Archive for June, 2011
Since I got back from NYC I’ve been trying to log as much couch time as possible. Let’s just say that very little couch time has been possible. Very little. None.
It seems difficult to be this busy without actually having any sort of paying job but somehow, everyday, all day is filled with things that need to get done and children who need to be entertained. You know those weeks between school getting out and camp or summer school or whatever you do starting up? There should be a name for it sort of like how we call the hours from late afternoon to bedtime the witching hour. What would be a good name for those couple of weeks that bookend the summer that feel longer than if you had to spend the entire time on a Precor machine. If you have a good suggestion, leave it in the comments. Let’s get going on this because I need a project.
I bet you’re wondering who won books last week. Well wonder no more Day 1: Marta, Day 2: Sam, Day 3: Julie, Day 4/5: The Last Girl Standing.
Kindly send me your addresses and who you want the inscription made out to and I will mail!! Congrats! Free book!
Okay more tomorrow when I’m less tired. Like that will happen.
Posted by Stefanie Wilder Taylor on June 30, 2011 12:19 am
Happy Thursday/Friday. I actually set this to post at 5 a.m today but it didn’t so this is for both days. Enjoy this excerpt from the chapter, Driving Miss Bateman. I will happily send a signed copy of the new book, I’m Kind of a Big Deal to a person I pick randomly from today’s comments. Oh, God, wouldn’t it feel good to win?
Justine Bateman can fuck herself with her skis. And the same goes for her sister, I thought to myself as I sat in the driver’s seat of my limo –scratch that, town car – outside of Killer Shrimp waiting for the ‘80’s sitcom star to finish eating her hour long dinner. She and her sister were taking full advantage of the two hour ride maximum while I stayed behind in the car starving to death and nursing sore muscles from carrying their ski trip gear the length of Burbank airport, out through the parking garage and loading it into the trunk. It wasn’t looking good for me to make a quick drop-off, call dispatch and grab another client and it seemed more than likely this would be another twenty-six dollar day.
I desperately needed a full body massage after the crap week I’d had, but obviously I couldn’t afford it. So far, I’d received a single paycheck which was somewhere in the neighborhood of $185 –and that was for two weeks’ work –after taxes. So I was pulling in about ninety bucks a week, which would have been awesome in 1920 but it wasn’t going to afford me even a decent foot rub in 1994.
To be fair to Justine, it wasn’t really her fault. Carrying luggage was part of the driver’s job and clients were full within their rights to make use of their two hour trip paid for by the studio any way they wanted. But sitting around waiting for someone to finish eating an expensive dinner while other drivers were getting assigned the good trips, wasn’t what I’d signed up for. Driving celebrities around was supposed to be the cool part of the job; the perk, a possible networking opportunity, or so I’d thought when I applied for the job. And to make matters worse, it was becoming clear I’d have to decide between the job and my dog.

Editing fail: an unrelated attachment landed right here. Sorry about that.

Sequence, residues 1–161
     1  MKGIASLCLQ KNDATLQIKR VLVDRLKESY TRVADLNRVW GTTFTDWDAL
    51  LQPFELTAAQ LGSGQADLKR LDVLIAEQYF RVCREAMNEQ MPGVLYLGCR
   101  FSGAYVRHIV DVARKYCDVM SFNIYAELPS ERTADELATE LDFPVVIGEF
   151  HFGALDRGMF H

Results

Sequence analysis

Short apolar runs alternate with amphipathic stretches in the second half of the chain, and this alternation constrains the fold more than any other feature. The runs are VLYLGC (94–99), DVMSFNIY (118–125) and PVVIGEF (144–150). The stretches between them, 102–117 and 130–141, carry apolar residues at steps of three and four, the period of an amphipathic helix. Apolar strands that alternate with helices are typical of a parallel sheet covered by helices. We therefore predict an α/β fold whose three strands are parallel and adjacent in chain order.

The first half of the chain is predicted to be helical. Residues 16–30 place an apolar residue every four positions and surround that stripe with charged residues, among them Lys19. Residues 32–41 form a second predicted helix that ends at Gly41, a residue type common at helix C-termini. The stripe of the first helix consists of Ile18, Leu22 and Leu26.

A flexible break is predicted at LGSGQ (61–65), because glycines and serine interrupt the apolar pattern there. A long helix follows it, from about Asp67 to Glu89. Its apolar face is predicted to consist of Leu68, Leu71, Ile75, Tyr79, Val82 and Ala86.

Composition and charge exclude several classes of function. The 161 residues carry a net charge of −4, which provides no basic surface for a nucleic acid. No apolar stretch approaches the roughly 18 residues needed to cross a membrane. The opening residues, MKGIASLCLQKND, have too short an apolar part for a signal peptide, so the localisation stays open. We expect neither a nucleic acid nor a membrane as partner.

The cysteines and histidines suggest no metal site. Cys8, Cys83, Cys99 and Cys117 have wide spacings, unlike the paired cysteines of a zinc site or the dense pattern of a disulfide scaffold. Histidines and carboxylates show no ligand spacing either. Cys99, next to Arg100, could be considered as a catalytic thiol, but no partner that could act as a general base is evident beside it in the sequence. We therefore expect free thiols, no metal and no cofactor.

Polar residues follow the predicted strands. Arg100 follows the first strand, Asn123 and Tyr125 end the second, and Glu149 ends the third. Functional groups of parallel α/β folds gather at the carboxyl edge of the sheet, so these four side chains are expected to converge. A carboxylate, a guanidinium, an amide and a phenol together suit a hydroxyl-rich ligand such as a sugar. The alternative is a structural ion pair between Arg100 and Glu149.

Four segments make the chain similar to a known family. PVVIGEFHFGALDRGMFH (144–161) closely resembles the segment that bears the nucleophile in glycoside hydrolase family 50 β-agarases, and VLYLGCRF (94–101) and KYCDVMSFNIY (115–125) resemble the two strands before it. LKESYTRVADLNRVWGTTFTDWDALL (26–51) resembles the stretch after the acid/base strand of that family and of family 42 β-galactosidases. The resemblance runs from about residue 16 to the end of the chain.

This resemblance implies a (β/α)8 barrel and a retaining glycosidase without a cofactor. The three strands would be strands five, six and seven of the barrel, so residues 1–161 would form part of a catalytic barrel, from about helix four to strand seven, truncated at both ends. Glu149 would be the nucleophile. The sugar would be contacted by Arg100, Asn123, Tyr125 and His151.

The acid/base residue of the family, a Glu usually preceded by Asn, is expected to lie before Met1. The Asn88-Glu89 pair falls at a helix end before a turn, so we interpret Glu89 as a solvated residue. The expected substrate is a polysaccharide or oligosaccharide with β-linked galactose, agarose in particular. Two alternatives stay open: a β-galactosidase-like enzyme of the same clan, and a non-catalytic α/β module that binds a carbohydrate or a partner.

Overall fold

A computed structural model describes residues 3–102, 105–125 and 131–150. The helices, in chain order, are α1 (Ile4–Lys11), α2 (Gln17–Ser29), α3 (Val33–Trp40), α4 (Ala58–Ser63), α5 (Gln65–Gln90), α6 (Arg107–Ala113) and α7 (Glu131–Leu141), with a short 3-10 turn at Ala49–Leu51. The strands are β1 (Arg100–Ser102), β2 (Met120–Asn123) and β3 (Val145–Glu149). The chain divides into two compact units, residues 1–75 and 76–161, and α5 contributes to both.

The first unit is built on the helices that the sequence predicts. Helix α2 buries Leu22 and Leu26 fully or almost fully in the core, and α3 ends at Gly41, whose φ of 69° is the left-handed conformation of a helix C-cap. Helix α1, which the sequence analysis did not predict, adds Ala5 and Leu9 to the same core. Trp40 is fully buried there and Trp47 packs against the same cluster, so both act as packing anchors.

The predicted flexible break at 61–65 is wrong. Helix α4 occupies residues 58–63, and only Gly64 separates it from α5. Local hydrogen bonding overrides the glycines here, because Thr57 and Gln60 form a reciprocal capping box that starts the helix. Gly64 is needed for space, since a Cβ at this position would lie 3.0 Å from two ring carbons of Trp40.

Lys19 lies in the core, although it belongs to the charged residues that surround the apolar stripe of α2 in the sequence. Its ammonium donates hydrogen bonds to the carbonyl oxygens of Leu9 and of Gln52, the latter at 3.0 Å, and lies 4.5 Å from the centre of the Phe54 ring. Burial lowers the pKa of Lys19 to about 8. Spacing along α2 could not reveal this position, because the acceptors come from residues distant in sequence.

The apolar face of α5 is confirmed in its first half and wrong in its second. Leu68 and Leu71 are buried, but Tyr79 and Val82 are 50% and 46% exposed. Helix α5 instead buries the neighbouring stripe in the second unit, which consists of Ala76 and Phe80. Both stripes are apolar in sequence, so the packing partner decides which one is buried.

Posted by Stefanie Wilder Taylor on June 16, 2011 5:00 am
Here we are again. Leave a comment. Win a book. That’s how it works this week. Saturday I will choose one winner from each day’s comments (random). But if you can’t wait to see if you’ve won (that’s what I’m hoping) please go ahead and order or download your copy here.
This is from the chapter The Flying Handelmans.
“My trouble is, I’m named Bernard. Who made it my name? Did I make it my name? I don’t feel like a Bernard. I had hostile parents, and they named me Bernard. Is that my fault?”
“No. My trouble is, pause, I’m named Bernard,” my father corrected me. I was standing on a black stage in a small studio space in the San Fernando Valley where my father taught acting and stand-up comedy classes, performing a monologue from something called Feiffer’s People, for the twentieth time. Either it was his favorite monologue that had ever been written, by any playwright in the history of theater or he was simply too lazy to dig up something from this decade. From what I knew of him, I couldn’t help but suspect it was the latter.
My father, Stanley Myron Handelman, was a moderately famous television comedian in the late 60s’ early 70s. During his brief heyday, he filled theaters, palled around with the Rat Pack, and appeared on all the major talk shows. He did the Merv Griffin Show over thirty times, more than any other comedian, he would’ve been happy to tell you without prompting. I’d recently been reunited with him after about eight years of living in different parts of the country with my mother and stepfather and having virtually no contact with him.